[meteorite-list] NASA Issues Ohio Meteorite Alert
From: Steve Dunklee <steve.dunklee_at_meteoritecentral.com>
Date: Thu, 18 Aug 2011 14:42:09 -0700 (PDT)
I saw this fall at 2:22 central time which is 1:22 yankee time. I saw it out my west window and from my position. it must have fallen to the northwest of me in Missouri not Ohio. The angle it came down at I figured it should have been seen from Canada across ohio, Indianna, missouri Arkansas and Oklahoma. I know list members can check radar to narrow it down. The sonic boom sensors in north america should also be able to narrow down the fall location. From the time it fell and the direction it would have followed a paribolic path not a straight line. The report given assumes a straight line of travel. From my location of Salem Arkansas. using google maps the meteor went over the horizon in the direction Of Branson Missouri. or further north. at an angle about 45 degrees perpendicular to the horizon. with a parabolic entry it would have appeared first over Canada traveling in an southeasternly direction. then as it fell lower appeared to be traveling
directly south over ohio and indianna. still following its parbola toward the center of mass it would travel west over eastern Missouri and finally fall as I saw it traveling northwest over western Missouri or Oklahoma. to understand this easier. take an old cd rom disc. draw a line on an apple to represent canton ohio to branson. then cram the disc in the apple at an angle of 45 degrees. The outside edge of the cd is the meteorites path of entry as it is traveling so fast it will only fall out of its orbital path at the acceleration of gravity. from the time it first starts to glow from ablation till it cools is usually less than 30 seconds. its not going to make a right or left turn off its orbital plane which is represented by the cd disk. but it will be affected by 30 seconds more or less of gravity falling. Tracing the outside edge of the disk it appears to enter the ionisphere from the northwest. and stays on the edge of the cd disc till it hits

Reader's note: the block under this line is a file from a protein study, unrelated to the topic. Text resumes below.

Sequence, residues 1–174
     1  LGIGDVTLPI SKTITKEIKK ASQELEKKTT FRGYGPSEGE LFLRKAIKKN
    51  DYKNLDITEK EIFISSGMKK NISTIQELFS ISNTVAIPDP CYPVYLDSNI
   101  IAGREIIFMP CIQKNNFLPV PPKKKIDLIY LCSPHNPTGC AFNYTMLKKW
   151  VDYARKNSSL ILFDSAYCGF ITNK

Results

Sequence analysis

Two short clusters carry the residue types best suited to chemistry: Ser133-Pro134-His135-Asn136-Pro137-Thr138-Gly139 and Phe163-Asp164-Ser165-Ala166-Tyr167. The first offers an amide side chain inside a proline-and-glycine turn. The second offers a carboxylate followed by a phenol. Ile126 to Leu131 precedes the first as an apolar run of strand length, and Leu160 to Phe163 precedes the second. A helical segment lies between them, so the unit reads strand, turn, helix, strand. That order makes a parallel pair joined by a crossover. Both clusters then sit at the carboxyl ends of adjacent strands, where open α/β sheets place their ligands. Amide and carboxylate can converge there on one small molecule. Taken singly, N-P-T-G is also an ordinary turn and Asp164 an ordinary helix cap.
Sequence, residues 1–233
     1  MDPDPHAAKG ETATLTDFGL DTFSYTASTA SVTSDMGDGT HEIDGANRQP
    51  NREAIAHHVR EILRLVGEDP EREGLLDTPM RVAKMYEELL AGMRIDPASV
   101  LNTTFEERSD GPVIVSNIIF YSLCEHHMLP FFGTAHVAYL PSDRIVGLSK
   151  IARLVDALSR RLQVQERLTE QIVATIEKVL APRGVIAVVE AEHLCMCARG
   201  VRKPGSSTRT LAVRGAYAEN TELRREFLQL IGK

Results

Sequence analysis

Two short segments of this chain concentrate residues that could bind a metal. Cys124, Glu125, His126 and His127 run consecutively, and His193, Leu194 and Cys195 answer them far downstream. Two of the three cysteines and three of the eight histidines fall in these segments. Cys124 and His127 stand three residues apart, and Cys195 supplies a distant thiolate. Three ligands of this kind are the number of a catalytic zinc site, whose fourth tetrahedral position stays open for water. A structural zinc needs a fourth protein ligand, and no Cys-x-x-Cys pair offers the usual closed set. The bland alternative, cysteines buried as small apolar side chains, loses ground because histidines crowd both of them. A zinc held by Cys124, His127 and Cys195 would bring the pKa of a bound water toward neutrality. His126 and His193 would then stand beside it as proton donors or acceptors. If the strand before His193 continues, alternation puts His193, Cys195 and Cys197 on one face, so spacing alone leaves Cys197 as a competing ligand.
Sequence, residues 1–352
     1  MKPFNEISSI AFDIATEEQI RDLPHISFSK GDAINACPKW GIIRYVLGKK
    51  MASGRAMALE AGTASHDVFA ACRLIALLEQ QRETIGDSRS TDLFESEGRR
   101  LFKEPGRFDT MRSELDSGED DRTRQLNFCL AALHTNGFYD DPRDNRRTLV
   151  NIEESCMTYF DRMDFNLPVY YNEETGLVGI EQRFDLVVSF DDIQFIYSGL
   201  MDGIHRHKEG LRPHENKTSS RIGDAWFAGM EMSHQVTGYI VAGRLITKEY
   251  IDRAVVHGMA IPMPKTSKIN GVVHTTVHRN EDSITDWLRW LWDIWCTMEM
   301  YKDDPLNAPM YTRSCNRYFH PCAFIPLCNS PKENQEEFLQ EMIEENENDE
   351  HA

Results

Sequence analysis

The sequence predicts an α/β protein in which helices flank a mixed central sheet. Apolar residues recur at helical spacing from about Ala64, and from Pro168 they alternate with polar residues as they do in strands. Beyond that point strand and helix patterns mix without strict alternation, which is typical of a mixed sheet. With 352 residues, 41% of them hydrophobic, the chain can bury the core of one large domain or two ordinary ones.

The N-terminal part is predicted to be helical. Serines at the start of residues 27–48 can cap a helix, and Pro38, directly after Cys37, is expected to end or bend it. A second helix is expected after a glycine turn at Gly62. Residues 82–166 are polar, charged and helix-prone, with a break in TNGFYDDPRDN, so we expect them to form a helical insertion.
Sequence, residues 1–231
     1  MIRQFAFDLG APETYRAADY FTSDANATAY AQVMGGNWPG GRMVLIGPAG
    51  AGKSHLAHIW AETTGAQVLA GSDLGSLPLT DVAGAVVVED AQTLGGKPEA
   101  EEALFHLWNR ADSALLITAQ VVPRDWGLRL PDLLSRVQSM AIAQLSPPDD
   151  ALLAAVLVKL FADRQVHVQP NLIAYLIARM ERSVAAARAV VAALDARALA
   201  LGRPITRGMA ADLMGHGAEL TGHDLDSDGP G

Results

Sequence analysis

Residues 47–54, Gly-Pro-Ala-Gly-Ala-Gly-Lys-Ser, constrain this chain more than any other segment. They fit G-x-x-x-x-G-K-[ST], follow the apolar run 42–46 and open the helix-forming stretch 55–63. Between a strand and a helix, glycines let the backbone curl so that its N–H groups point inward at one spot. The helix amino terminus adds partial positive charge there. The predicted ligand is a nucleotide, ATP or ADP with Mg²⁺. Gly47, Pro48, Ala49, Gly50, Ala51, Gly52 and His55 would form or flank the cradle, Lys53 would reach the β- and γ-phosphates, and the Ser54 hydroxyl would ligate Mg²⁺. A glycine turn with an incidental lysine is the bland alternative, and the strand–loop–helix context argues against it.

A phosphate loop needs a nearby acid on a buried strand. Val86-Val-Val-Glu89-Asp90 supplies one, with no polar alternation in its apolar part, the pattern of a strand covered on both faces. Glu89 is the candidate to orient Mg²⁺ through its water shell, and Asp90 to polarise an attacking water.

the ground traveling in a northwesternly direction. with the exception of falling toward the center of mass by gravity. the meteorite cant leave its orbittal plane, because that would require a change in direction from its orbit , which is impossible.
--- On Thu, 8/18/11, dorifry <dorifry at embarqmail.com> wrote:
> From: dorifry <dorifry at embarqmail.com>
> Subject: [meteorite-list] NASA Issues Ohio Meteorite Alert
> To: meteorite-list at meteoritecentral.com
> Date: Thursday, August 18, 2011, 3:56 PM
> Fireball Leads to Midwest Meteorite Alert, NASA Warns
> Ohio residents should be on the lookout for potential small
> meteorites that may have been created by a bright fireball
> that streaked over southern Ontario, Canada, last week, NASA
> The fireball was detected by all-sky cameras from the
> Southern Ontario Meteor Network at 1:22 a.m. EDT (0522 GMT)
> on Aug. 8.
> "It was picked up over Lake Erie and proceeded
> south-southeast over Ohio," said Bill Cooke, head of NASA's
> Meteoroid Environments Office at the Marshall Space Flight
> Center in Huntsville, Ala.
> The meteor was last tracked north of Gustavus, Ohio, and
> the potential impact zone for meteorite fragments is a
> region east of Cleveland, Cooke told SPACE.com.
> When would-be meteors are traveling through space, they are
> known as meteoroids to astronomers. When they enter Earth's
> atmosphere to create fireballs, they are called meteors.
> Only fragments that actually reach Earth's surface are
> called meteorites.
> "We look for ones that are moving low and slow, ones that
> penetrate deep into the atmosphere," Cooke said. "Normally
> meteors burn up 40 to 50 miles (about 65 to 80 kilometers)
> over your head. This one got down to 38 km (24 miles) before
> we lost track of it, and we know it went lower."
> When a meteor penetrates low into the atmosphere and moves
> relatively slow, it can create meteorites that fall to the
> ground, Cooke explained. The fireball seen last week slowed
> to approximately 25,200 mph (40,555 kph).
> And while skywatchers around the world enjoyed spectacular
> views of the annual Perseid meteor shower last week, Cooke
> clarified that this fireball is definitely not a Perseid
> because it is moving too slowly.
> Based on the fireball's brightness and radar observations,
> the meteor's mass is estimated to be in the range of 22
> pounds (10 kilograms). This means that meteorite fragments
> will likely be pretty small, Cooke said.
> "Something the size of your thumbnail, maybe a bit bigger,"
> he said, estimating that any rocks found would probably be
> about three ounces (roughly 100 grams) and measure about one
> to two inches (2.5 to 5 cm) across.
> For meteorite hunters in the area, or for anyone who
> fortuitously stumbles across any pieces of space rock, Cooke
> wants to know about it, and people are encouraged to contact
> NASA's Meteoroid Environments Office if they find any
> But, the meteorite expert cautions that there are strict
> rules governing the ownership of space rocks that fall from
> the sky.
> "One thing you need to know is that meteorites belong to
> the property holder, the owner of the property on which they
> land," he said. "So, if you're looking for them on someone's
> property, be sure you talk to them and get their permission
> first. If you're looking for meteorites, respect the wishes
> and rights of all property owners."
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Received on Thu 18 Aug 2011 05:42:09 PM PDT